He is sitting at the table raking his bonsai tree. I am standing in front of him, watching. This is what he does now. It is all that he does. He grooms this little tree. He sits at this table, small, white, boring. It’s fun, he says. He does not look up at me.
Sometimes music blares in the room. It’s good music. It makes him happy, as he sits very still and stares at the bonsai tree. I listen to his music. I search for some kind of meaning in it, because he is silent. Slowly the music is becoming more interesting than he is. I watch him; he does not look up at me.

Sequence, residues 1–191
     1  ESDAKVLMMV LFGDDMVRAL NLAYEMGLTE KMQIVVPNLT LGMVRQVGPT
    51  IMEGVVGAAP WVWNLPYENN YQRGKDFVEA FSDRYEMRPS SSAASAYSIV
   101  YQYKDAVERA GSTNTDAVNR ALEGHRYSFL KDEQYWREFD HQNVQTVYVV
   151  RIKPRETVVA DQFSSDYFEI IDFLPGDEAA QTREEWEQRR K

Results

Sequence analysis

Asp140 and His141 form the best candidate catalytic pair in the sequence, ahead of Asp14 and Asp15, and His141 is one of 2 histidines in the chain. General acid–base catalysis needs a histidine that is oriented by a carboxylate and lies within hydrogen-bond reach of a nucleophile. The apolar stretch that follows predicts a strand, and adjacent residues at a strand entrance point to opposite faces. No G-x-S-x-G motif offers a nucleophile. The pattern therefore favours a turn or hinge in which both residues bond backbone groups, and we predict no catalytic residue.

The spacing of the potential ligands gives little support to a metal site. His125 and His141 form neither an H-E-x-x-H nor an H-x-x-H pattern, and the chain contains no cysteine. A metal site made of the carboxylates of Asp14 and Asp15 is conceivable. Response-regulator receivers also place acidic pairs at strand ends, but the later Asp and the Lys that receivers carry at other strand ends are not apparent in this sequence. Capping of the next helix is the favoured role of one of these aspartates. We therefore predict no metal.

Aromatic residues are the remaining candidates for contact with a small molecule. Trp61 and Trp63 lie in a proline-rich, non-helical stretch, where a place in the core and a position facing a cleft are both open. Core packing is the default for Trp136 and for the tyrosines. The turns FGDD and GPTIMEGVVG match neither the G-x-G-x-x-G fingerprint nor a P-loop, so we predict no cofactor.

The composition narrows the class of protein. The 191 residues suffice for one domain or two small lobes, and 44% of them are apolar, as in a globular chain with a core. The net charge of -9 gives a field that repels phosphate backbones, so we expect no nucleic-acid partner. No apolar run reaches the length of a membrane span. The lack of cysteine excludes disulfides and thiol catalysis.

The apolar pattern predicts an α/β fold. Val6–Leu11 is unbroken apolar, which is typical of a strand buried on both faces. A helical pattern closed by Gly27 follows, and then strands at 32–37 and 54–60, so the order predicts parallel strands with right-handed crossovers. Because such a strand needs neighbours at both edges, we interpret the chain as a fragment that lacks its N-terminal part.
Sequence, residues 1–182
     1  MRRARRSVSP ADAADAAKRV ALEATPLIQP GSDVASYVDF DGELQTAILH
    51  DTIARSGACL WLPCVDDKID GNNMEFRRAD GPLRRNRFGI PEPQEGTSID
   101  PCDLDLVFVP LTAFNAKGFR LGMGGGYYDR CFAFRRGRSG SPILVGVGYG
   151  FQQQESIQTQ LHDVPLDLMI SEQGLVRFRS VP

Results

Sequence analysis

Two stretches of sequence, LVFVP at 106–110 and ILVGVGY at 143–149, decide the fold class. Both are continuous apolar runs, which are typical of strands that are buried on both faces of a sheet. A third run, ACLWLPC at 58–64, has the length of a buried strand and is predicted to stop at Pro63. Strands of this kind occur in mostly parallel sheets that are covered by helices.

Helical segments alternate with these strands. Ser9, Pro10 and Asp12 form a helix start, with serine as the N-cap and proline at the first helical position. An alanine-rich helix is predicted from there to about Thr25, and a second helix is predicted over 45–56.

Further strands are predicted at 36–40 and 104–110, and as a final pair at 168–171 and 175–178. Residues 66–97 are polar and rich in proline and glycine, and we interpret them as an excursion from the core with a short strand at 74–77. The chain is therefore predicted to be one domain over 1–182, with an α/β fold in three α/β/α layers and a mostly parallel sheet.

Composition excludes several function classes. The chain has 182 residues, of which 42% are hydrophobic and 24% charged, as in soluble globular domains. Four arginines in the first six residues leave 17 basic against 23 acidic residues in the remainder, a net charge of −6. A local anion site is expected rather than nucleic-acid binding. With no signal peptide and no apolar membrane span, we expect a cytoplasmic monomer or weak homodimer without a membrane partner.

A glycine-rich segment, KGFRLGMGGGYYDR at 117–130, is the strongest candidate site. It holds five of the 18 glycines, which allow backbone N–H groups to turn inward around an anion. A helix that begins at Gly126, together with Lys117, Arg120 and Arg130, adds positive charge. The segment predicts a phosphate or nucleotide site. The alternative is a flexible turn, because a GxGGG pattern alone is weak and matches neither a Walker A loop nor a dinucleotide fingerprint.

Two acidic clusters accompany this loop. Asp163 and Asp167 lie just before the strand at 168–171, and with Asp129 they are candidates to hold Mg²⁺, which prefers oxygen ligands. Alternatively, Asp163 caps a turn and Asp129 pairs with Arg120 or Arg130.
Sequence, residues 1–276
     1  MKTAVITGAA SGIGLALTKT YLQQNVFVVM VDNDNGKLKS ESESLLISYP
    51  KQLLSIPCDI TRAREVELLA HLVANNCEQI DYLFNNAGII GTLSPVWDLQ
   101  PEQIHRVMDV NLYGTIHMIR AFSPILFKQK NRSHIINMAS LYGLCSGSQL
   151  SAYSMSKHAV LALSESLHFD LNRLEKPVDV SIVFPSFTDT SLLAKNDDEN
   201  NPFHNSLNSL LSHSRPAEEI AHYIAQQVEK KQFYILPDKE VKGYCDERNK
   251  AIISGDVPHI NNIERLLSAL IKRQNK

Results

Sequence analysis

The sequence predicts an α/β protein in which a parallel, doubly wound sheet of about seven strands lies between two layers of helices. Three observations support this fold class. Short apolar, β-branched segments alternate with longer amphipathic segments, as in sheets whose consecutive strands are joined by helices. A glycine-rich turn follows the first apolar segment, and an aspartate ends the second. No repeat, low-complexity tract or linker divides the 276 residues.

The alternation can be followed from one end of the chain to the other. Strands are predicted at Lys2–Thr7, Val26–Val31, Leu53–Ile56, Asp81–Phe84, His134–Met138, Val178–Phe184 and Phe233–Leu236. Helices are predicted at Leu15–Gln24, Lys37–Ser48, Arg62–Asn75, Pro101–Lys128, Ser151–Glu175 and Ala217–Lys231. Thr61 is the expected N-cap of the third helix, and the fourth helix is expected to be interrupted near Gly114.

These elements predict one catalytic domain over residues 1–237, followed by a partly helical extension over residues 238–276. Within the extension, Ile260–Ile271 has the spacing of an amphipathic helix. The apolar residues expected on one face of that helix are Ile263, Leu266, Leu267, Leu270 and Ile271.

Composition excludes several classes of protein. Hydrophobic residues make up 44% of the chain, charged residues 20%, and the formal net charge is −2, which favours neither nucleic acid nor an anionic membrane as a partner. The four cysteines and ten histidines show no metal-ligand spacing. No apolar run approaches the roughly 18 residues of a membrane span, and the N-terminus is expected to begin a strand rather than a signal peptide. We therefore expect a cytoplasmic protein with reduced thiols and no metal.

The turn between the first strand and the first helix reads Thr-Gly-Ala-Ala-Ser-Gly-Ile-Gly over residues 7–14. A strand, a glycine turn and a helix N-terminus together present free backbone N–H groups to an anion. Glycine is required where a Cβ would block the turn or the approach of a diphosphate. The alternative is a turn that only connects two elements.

The tree is alive but he is dying. I want to dump the thing on the floor, pull him away, throw a clock at him, kiss his face, make him stare into a sunset. Wake up. Stop this. It is such a little thing, it is not as big as you think it is. He stops listening to me.
It is getting worse and worse. The music is still playing, it still sounds nice, but it’s starting to make my head hurt. Too much of a good thing. Too much of this one thing. Not enough of the man behind the tree. He is lost in it. Somehow he is gone.
Finally, finally, finally, I am tired. I sing softly along with his song as I leave the room. He does not look at me, he does not look for me. Somehow he has died. The door shuts. Maybe I will see him again in the sunshine.